UPS Testing Residential Drone Deliveries Launched From Trucks

Lynne Hanson
February 22, 2017

The drones come from the Workhorse Group, an Ohio-based electric truck and drone developer.

To accomplish this mission, UPS used a Workhorse HorseFly UAV Delivery system in their first truck-launched drone delivery. The technology still needs fine tuning as UPS is aiming to use drones to deliver packages and then return back to delivery van even as the van moves in the region for other deliveries. It's able to carry a package up to 10-pounds heavy, and recharges its battery whenever it's docked. The company is hoping this is the first step towards more automated delivery. Deliveries made in rural areas are considered the most expensive delivery routes. And delivery companies around the world are trying to reduce the cost of last-mile trips with drones.

"UPS is never looking to replace our UPS drivers", he said, calling them "the face of our company".

Before the test, UPS tried out drone tests in its warehouses, while also testing out the technology for other purposes.

To be clear, we're not now facing a UPS drone invasion with many multiples of autonomous flying machines attacking the USA. In the future, the drone system could be optimized to work with UPS's ORION navigation system instead of the system from Workhorse. The drone docks on the roof of the delivery truck. Drone deliveries would allow drivers to avoid driving up to individual drop-off points, thus reducing miles driven.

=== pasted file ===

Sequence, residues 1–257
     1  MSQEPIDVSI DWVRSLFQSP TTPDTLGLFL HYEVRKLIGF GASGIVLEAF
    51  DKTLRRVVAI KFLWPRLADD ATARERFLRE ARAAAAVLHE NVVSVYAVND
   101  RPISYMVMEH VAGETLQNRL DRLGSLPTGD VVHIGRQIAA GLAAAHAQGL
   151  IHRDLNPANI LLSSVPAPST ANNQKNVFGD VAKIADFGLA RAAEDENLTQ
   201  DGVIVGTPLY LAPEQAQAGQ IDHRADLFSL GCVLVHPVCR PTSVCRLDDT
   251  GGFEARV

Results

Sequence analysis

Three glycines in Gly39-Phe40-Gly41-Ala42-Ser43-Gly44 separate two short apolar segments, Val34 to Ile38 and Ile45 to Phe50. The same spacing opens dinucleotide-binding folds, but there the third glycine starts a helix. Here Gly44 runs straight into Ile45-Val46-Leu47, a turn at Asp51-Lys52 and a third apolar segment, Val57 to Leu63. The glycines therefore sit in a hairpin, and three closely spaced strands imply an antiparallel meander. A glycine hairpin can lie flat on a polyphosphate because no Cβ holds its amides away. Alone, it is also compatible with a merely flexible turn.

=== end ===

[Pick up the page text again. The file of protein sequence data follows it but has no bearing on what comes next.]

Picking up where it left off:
Stephen Burns, Workhorse founder and chief executive officer, said it was "wonderful to see this technology applied in such a practical way". It doesn't require a pilot. In September it stated a mock delivery from Beverly, an island off the Atlantic coast, over open water.

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A year ago the company partnered with robotics manufacturer Zipline and Gavi, the Vaccine Alliance, to set up a drone delivery system in Rwanda.

UPS' second drone mission comes as Amazon (AMZN, Tech30) invests heavily in building its own delivery network, including drones capable of dropping packages in customers' backyards.

The company also now uses drones to check inventory on high storage shelves in its warehouses, which is already legal to do.

Unlike all of the previous tests, the most recent UPS drone test shows how drones might assist in making non-urgent residential deliveries as part of the day-to-day operation. Federal Aviation Administration issued rules that allow for some commercial use of drones and expanded future applications. UPS was one of 35 selected from a cross section of key stakeholders to serve on the FAA's drone advisory committee.

Creating more efficient deliveries was a primary goal of the UPS test.

For this test, UPS launched the vehicle from the roof of a truck about a quarter mile away to a blueberry farm. Workhorse trucks have historically been sold to the largest fleets in the US and Canada for last-mile delivery and related uses.

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